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Last updated: September 23, 2011 3:29 pm
Investors showed their concerns about board strategy at Hewlett-Packard by sending shares down more than 5 per cent on Friday after the company named Meg Whitman as its third chief executive in a year.
The former Ebay chief executive took over from Léo Apotheker, who served less than a year at the top of the world’s largest computer maker by revenue.
A consensus among the board had emerged over the past week that Mr Apotheker needed to go and that Ms Whitman, an HP board member since January, would be the best successor, according to people close to the process. The board also named chairman Ray Lane as full-time executive chairman.
HP’s stock has fallen by half since February and the decline accelerated last month when Mr Apotheker announced a $10.6bn purchase of UK software maker Autonomy and said HP would probably spin off its personal computer business. Shares were down to $21.63 in morning trading in New York.
Each of those moves had some support from investors and board members who feel that the company should move toward software and services. HP is not expected to reverse the Autonomy bid, which would be difficult in any case under UK laws, or the spin-off decision.
The core problem for some directors was Mr Apotheker’s execution and leadership. Cutting financial projections three times during his tenure alienated shareholders and he soon lost the initial goodwill he enjoyed from executives and other employees, people inside the company said.
Meg Whitman, new Hewlett-Packard chief executive, said the company would stand by its decision to abandon its TouchPad tablet and other new mobile hardware, and would continue with a plan to shed the WebOS operating system on which the devices were based.
“I think it was a strategic mistake to cancel the mobile products and put the operating system up for sale,” said Frank Gillett, an analyst at Forrester Research.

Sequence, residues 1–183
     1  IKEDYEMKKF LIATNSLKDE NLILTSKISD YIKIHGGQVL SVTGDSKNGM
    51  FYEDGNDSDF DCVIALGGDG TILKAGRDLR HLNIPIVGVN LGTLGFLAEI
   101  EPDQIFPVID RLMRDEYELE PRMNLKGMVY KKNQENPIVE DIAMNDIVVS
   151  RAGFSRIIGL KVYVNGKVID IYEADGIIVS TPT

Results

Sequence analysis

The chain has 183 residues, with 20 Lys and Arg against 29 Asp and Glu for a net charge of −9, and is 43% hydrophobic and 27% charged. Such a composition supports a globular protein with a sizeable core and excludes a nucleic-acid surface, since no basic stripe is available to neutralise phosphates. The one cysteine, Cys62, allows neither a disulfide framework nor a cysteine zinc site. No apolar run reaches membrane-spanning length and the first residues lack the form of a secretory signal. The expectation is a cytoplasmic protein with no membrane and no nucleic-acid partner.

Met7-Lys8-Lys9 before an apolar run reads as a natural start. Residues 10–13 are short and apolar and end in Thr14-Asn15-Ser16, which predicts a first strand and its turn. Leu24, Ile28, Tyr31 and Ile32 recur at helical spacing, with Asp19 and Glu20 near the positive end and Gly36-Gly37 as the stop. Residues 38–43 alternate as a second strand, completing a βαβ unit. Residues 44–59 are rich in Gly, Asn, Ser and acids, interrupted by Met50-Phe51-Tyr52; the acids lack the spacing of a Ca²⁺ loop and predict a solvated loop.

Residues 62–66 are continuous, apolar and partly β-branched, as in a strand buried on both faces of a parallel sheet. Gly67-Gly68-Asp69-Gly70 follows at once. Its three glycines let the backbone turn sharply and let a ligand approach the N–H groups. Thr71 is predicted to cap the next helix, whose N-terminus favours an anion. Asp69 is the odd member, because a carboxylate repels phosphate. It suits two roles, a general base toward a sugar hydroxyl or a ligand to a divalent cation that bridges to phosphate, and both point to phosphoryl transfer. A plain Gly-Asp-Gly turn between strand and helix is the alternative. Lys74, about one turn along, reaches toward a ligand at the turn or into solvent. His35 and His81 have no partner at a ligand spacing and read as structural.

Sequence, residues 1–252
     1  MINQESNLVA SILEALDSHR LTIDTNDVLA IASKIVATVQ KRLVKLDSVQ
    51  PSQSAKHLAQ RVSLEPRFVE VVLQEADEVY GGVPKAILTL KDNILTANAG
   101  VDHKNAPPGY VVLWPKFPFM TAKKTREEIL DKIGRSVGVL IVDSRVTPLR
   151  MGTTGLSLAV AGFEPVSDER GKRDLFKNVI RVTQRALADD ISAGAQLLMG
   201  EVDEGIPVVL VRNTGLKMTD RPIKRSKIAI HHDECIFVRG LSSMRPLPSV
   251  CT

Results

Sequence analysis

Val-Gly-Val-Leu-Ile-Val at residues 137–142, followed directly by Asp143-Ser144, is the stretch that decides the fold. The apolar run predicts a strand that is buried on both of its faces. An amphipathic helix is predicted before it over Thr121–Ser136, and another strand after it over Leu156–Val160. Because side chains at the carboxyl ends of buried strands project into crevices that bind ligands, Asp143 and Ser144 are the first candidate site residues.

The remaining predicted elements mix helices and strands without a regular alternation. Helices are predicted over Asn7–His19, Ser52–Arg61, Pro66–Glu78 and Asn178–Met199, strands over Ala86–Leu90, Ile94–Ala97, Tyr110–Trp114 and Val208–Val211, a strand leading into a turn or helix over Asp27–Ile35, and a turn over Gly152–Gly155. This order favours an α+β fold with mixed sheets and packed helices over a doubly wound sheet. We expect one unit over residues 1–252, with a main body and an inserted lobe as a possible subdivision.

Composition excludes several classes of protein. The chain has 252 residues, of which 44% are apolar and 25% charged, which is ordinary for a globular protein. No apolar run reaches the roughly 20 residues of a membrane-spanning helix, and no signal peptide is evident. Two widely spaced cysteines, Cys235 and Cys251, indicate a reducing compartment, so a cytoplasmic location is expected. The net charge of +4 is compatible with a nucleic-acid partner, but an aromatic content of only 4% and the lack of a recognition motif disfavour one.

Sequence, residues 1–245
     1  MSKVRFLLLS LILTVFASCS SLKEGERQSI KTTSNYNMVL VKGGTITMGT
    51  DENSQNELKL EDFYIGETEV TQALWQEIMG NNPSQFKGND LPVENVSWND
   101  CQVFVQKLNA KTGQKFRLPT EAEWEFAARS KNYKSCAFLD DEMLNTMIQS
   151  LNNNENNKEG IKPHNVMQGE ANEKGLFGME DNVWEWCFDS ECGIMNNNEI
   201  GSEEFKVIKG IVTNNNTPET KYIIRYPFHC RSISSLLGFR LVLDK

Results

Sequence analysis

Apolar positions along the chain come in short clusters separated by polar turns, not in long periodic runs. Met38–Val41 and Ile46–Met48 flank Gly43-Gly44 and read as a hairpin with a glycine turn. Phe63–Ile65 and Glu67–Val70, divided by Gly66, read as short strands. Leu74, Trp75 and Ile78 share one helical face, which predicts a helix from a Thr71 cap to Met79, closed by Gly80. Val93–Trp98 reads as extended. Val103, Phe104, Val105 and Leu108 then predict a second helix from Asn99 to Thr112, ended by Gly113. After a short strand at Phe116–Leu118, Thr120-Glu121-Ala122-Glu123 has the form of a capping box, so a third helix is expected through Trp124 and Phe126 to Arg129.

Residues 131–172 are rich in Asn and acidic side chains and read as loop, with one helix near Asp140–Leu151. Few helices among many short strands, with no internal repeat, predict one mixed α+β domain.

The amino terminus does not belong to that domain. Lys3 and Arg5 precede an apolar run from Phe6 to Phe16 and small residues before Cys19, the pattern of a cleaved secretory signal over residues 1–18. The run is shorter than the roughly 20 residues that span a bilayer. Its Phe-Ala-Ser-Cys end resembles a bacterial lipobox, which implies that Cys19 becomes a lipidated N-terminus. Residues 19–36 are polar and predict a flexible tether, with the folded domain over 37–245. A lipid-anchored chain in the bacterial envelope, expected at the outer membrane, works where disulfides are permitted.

“But I can’t see how they can undo that with any credibility.”
HP had earlier depicted the move into mobile devices and software, through the acquisition of Palm, as an important part of efforts to extend its personal computing business beyond the mature PC industry.
Mr Apotheker, the former chief executive at business software maker SAP, told the head of HP’s PC division of the planned spin-off only days before the August announcement. Other top executives learnt of critical moves, including the impending change in chief executive, through the media.
The HP board is also coming under renewed fire from investors, after facing criticism last year for dismissing Mark Hurd as chief executive. Directors cleared Mr Hurd of a contractor’s sex harassment claim but lost faith in him during the inquiry.
“That the board would be considering a change in CEO less that 10 months after Apotheker took over as CEO is a damning indictment of not just the new CEO, but also the board itself”, said Carter Lusher, chief analyst at Ovum. “Having approved the recent strategy changes, it seems spineless for the board just a month later to be potentially jettisoning that plan and its architect.”
Although she earned fame and fortune for leading Ebay between 1998 and 2008, Ms Whitman is a far from obvious choice to run HP, Mr Lusher and other technology experts warned. Ebay caters almost entirely to consumers, while the core of HP’s customer base is big businesses.
A former management consultant and Hasbro toy company executive, Ms Whitman is known for internet prowess but not broader technology expertise.
Last year, Ms Whitman ran for governor of California as a Republican candidate, but lost.
HP shares gained on anticipation of the chief executive change on Wednesday, then lost much of that ground on Thursday. They fell more than 5 per cent, slightly more than battered US indices.
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